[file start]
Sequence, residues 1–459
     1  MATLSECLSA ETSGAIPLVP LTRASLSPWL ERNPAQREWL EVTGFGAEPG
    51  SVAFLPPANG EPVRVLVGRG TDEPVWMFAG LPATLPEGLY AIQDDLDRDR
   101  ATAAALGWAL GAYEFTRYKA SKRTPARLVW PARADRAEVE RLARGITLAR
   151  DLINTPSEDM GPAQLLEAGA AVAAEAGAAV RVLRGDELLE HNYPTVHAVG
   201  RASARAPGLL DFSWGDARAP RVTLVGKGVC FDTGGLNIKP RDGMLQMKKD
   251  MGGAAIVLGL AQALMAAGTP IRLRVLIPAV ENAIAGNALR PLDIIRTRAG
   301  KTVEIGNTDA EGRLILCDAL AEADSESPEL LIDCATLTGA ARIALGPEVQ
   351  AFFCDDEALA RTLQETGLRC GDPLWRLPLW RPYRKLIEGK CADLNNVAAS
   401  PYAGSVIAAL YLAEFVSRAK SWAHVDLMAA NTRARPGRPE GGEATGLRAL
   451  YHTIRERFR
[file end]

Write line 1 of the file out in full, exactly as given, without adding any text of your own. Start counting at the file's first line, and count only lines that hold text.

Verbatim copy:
Sequence, residues 1–459